In Jane Austen's Pride and Prejudice, how does reputation, such as Lydia's reputation, affect courtship and marriage prospects?

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In Jane Austen's Pride and Prejudice, Lydia's reputation, caused by her behavior, is the clearest example of how reputation affects courtship and marriage prospects. Lydia's poor behavior is evident from the very beginning of the novel. For instance, when Lydia and Kitty begin frequenting Meryton in pursuit of flirting with soldiers, Mr. Bennet refers to them as the silliest girls in the country (Ch. 7, Vol. 1). She is even seen flirting with Wickham while playing cards at the Philipses' (Ch. 16, Vol.1). Even before Lydia runs off with Wickham, her behavior threatens her other sisters' prospects. We see this in Darcy's letter to Elizabeth when he mentions the impropriety of her family, we also see it when Lydia is invited to Brighton and Elizabeth tries to persuade her father not to let her go. Elizabeth argues that her father would not permit Lydia to go if he "were aware...of the great disadvantage to us all, which must arise from the public notice of Lydia's unguarded and imprudent manner; nay, which has already arisin from it, I am sure that you would judge differently in the affair" (Ch. 18, Vol. 2). Elizabeth is of course referring to the behavior Darcy speaks of in his letter which led to his own hesitation in asking Elizabeth to marry him, but also led to his convincing Bingley not to pursue Jane further. Hence, Lydia's flirtatious behavior affected her two eldest sisters' courtship and marriage prospects.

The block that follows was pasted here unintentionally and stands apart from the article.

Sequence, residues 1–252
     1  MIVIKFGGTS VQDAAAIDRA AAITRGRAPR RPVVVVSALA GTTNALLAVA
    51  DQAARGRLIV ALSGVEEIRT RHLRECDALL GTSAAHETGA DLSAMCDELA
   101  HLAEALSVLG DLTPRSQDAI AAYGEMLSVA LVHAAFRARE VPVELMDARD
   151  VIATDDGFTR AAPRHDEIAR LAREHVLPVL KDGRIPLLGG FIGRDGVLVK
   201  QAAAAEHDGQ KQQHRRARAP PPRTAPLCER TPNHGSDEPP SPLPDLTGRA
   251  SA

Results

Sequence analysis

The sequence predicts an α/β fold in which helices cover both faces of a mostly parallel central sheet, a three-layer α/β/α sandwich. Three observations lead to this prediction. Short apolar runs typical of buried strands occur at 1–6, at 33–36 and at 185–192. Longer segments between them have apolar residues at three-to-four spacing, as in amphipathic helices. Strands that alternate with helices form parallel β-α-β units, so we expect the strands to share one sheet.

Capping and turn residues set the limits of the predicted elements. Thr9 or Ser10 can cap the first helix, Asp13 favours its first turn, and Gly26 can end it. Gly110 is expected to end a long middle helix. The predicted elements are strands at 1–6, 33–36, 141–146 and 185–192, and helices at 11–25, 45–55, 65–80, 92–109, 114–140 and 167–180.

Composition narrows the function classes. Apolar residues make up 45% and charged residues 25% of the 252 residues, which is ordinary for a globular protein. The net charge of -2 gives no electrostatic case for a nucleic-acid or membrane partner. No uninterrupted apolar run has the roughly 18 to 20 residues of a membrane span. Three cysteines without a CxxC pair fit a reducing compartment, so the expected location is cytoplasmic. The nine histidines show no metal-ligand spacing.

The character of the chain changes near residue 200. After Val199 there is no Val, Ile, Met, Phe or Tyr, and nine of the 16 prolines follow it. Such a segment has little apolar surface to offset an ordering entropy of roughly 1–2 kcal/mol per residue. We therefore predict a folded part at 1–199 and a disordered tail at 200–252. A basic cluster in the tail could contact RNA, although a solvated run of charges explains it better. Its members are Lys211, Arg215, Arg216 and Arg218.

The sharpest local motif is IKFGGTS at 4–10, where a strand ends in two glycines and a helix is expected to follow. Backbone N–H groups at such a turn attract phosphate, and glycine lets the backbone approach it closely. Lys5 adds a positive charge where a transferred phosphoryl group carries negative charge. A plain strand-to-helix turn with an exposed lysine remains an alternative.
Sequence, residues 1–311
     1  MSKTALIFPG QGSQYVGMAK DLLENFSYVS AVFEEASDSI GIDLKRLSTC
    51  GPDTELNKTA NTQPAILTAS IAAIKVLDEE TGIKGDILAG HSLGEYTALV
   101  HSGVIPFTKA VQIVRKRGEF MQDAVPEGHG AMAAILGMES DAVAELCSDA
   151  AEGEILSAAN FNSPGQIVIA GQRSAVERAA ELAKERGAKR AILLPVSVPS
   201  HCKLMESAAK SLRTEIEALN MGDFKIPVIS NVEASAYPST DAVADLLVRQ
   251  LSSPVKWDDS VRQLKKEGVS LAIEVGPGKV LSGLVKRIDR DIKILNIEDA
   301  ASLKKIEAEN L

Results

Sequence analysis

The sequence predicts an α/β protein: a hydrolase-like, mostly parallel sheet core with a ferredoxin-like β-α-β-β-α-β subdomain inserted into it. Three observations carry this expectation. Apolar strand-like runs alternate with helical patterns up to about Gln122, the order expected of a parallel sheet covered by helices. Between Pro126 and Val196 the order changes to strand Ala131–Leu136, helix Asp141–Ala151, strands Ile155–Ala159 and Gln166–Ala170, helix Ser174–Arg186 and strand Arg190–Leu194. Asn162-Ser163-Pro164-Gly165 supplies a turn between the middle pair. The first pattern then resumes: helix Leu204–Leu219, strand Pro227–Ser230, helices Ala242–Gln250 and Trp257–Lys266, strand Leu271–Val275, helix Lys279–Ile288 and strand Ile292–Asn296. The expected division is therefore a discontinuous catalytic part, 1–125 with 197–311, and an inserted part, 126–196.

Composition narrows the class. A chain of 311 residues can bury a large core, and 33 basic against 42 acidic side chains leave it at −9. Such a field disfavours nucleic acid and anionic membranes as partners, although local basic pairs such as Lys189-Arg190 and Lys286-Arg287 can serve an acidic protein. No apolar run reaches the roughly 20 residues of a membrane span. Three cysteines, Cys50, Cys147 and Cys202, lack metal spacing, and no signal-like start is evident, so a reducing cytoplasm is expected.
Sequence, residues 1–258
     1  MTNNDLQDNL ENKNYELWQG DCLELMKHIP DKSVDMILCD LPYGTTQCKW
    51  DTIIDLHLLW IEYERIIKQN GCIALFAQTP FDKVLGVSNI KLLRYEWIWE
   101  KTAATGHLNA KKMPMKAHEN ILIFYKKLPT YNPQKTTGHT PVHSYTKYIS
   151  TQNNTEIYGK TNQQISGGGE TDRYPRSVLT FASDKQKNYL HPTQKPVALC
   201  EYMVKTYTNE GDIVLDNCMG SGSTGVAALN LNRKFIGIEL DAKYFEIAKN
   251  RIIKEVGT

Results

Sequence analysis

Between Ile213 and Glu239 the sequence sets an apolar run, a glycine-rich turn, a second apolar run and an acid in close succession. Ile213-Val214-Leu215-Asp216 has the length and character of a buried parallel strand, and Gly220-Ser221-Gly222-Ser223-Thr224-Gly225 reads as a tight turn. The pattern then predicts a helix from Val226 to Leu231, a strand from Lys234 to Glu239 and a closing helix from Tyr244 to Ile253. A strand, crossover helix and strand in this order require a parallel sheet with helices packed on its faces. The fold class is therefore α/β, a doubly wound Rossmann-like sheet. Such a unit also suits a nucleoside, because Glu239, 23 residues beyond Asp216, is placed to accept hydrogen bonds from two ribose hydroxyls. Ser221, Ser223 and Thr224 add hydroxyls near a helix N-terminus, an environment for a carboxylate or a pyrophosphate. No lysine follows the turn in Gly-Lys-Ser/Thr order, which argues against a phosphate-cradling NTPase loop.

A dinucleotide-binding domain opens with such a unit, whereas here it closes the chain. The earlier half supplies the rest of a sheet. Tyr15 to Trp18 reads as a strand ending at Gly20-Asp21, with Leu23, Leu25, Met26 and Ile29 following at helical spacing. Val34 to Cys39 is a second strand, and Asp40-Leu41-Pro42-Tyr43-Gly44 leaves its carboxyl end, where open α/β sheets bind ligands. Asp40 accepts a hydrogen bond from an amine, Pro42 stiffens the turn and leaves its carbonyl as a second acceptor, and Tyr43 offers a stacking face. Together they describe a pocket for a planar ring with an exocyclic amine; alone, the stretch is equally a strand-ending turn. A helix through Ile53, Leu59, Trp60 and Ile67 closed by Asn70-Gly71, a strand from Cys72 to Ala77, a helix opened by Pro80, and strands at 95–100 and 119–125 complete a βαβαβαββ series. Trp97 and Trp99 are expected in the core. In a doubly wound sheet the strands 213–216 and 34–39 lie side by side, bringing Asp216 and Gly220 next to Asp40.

When Lydia does run off with Wickham, Mr. Collins takes the time to write a condolence letter informing them that "this false step in one daughter will be injurious to the fortunes of all the others" (Ch. 6, Vol. 3). In other words, Lydia's elopement has ruined marriage prospects for all of the daughters. It was only by virtue of the fact that Mr. Darcy forced the marriage that their reputations were saved.

Other, smaller instances of reputation can be seen in Mrs. Bennet's behavior. At the Netherfield ball, Mrs. Bennet makes some very serious social faux pas, including talking about Bingley and Jane's wedding prospect, there at Bingley's dining room table, well before he has even proposed. Her behavior is reproachable and as a result, Bingley's sisters and Darcy persuade him not to propose. Hence, Mrs. Bennet's behavior undermined the reputation of the entire Bennet family and ruined the daughters' courtship and marriage prospects.

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